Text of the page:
“The Volvo VNR is ideal for applications like heavy urban distribution, drayage, and other regional applications where electric trucks will first have the greatest impact,” said Johan Agebrand, director of product marketing, Volvo Trucks North America. “The VNR series has received tremendous industry acceptance since its April 2017 introduction, and the addition of an all-electric powertrain provides even greater opportunities to expand its footprint in the regional-haul market.”

Introduction of the Volvo VNR Electric models is part of another Volvo partnership known as Lights, or Low Impact Green Heavy Transport Solutions. This partnership between the Volvo Group, California’s South Coast Air Quality Management District, and industry leaders in transportation and electrical charging infrastructure will begin next February.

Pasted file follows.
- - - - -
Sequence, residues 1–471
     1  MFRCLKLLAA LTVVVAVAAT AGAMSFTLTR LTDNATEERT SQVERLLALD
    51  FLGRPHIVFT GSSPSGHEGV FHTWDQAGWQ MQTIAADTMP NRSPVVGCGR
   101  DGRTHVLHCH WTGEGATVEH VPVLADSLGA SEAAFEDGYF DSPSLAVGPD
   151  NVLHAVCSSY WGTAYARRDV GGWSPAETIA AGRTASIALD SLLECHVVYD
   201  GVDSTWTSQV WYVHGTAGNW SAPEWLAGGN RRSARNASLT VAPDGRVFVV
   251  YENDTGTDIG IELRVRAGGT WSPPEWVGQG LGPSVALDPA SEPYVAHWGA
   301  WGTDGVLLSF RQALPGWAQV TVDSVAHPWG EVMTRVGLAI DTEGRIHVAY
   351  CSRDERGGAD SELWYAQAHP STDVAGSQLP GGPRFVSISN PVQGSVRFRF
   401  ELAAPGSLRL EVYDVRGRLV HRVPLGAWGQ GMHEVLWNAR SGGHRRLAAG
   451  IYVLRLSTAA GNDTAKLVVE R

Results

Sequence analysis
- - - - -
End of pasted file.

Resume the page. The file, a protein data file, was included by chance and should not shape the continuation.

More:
“The Lights project is a truly unique opportunity to showcase a holistic approach to electrification of the freight transport industry as we handle ongoing challenges including electricity generation and battery optimization,” said Peter Voorhoeve, president, Volvo Trucks North America.

Volvo Doubles Down on Turbo-Compounding

Volvo led off its list of new Class 8 technologies and products with the second generation of its turbo compound diesel engine system, which Koeck said provides up to an additional 3% improvement in fuel efficiency over the current 13L turbo compound engine, the D13TC.

The new engine delivers up to 11% fuel savings overall compared to model-year 2015 trucks. Other improvements include enhanced efficiency over a wider range of applications, more engine ratings, and a new EE ​Extra Efficiency​ drive mode. The new D13TC will be available for order in the fourth quarter of 2019 and go into production at the end of the first quarter of 2020.